Advice and Tips for Actors Helpful thoughts on acting from someone who wasn't the least successful actor of all time.

February 22, 2010

You Don’t Want Feedback on Your Audition

Actors love to get feedback on their auditions.  They want to know why they didn’t get cast so they can “improve in the future.”  Let me tell you why this is one of the dumbest things actors do.

First a short lesson for people who don’t know what I’m talking about.  Actors go in for auditions and then leave.  Most of the time no one calls to say they didn’t get the job and so actors sit at home and wait for the phone to ring.  Now we have cell phones so we can sit at Starbucks and wait for the phone to ring, yippy.  Actors sometimes wonder, “why didn’t I get the job” when days turn into weeks and it’s obvious they’re not getting hired.  So actors seek out ways to get “feedback” on their auditions hoping they can improve in the future.

This probably stems from normal job interviews where candidates call back a week later and hope to get feedback on their interviews.  Typically in job interviews the same types of questions are asked all the time so it’s legitimate that someone could improve their interview for the next time.  Also this is an excuse to call back a recruiter who might say, “you were great but we had to hire someone’s cousin, luckily there’s a better job opening up next week I’d love to talk to you about.”  Really that’s a pipe dream and the real goal is to improve for the next time.

Actors lie to themselves when they say they want feedback.  Problem is, they’re never going to audition for that part again.  Actors aren’t asked, “what is your biggest weakness,” they’re given a part to read.  The part they’re given next week will be completely different.  Notes like, “you should have been angrier when you told him you were leaving” are useless.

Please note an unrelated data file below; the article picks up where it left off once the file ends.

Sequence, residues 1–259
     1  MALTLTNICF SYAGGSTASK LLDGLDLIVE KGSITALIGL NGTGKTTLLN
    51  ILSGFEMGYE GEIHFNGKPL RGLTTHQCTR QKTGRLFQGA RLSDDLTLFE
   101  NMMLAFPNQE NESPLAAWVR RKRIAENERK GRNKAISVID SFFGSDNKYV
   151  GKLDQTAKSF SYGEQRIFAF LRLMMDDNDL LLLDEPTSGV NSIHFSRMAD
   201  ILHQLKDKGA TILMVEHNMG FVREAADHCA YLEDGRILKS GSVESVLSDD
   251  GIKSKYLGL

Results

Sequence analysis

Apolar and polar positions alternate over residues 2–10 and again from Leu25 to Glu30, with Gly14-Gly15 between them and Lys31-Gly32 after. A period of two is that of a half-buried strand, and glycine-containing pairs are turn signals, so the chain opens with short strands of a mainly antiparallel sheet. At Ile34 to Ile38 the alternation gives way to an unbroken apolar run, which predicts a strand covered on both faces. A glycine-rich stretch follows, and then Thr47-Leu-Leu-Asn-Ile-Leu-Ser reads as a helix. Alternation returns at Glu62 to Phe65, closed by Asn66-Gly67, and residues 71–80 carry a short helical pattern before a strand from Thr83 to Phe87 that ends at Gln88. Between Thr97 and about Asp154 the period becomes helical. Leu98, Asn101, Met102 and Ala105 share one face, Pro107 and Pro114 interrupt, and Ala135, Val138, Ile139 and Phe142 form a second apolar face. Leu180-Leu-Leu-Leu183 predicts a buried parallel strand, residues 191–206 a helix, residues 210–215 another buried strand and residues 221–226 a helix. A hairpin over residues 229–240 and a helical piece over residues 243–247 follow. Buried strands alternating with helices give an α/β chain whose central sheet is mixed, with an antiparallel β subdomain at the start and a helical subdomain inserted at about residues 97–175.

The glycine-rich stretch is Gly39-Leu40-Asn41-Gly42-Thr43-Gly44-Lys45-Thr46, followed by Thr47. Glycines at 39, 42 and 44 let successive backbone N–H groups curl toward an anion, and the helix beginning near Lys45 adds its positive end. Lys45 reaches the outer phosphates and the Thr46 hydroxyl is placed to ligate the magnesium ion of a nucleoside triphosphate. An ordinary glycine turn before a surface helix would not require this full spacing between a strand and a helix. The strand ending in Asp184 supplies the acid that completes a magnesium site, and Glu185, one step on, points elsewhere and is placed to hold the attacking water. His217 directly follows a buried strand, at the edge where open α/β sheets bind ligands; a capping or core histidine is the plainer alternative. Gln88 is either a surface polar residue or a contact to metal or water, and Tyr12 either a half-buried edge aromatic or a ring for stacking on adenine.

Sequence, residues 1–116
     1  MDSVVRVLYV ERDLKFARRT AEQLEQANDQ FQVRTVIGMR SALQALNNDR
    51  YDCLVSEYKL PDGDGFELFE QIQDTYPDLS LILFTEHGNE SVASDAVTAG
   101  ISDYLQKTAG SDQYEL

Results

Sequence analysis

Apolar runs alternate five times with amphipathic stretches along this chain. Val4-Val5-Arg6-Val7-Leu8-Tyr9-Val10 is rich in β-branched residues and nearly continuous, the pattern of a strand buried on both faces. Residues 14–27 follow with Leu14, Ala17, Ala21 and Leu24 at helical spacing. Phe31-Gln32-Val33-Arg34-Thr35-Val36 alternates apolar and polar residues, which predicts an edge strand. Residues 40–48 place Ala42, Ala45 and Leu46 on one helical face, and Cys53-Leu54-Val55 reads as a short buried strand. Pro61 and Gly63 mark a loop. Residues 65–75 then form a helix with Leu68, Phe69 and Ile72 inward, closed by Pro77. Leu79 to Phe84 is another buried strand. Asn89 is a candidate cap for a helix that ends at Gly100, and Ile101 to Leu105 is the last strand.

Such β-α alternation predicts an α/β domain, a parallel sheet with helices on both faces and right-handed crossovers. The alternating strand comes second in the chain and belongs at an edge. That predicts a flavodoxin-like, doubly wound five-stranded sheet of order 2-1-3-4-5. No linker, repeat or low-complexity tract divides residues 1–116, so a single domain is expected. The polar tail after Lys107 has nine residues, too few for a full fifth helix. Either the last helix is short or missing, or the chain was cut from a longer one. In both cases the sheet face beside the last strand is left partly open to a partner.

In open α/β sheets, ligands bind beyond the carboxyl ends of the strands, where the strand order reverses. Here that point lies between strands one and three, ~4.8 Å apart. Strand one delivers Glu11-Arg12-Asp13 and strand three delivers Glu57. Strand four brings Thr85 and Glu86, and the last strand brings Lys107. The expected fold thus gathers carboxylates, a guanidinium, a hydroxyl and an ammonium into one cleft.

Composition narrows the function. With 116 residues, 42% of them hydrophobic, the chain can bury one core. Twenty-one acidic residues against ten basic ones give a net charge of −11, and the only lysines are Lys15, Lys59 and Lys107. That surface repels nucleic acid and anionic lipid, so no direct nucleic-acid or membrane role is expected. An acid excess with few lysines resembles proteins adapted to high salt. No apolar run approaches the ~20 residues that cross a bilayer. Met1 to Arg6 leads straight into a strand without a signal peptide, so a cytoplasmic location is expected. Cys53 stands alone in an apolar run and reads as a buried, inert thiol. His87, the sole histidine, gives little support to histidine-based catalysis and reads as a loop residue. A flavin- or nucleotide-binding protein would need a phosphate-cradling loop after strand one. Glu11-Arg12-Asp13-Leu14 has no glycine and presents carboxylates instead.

Truth is actors want this to be their feedback, “you were amazing but we had to hire someone else’s cousin, we’ll bring you back in next week for this amazing guest star role.”  That’s an ego stroke, nothing else.  Actors just want their egos massaged since they didn’t get the role (shocking).  If they honestly loved you they would have brought you back in next week anyway, even if you didn’t convince your agent to call the casting office.  Yes, it’s another excuse to “stay in their mind” but you also come off as a little needy.

No matter what they say there are only two pieces of feedback you will ever get, “this role no longer exists/it’s now a role for a fire-breathing midget” and “someone else was a better fit.”  Any other way the feedback is sugar-coated is simply someone trying to be creative or nice.  You could have been perfect for the role and someone decide to cut the role out or someone else was simply better for the role (sound familiar?).  Yes, being a cousin of the producer counts as “better for the role.”  Why?  Because to the producer this was more important than giving the best audition.  Sucks, but he’s the producer and you’re not.  It hurts to think you didn’t give the “best audition” or have the right look for a part but that’s the reality of Hollywood.

When you’re asking for feedback you’re really asking for validation of your skills as an actor since you didn’t get the ego petting of getting the role.

Here’s all the feedback I need: did I get the role?  No, then I should probably work harder in the future.  Even if the role was cut or went to a teenage Asian girl (really happened once) I can still improve, everyone always can.

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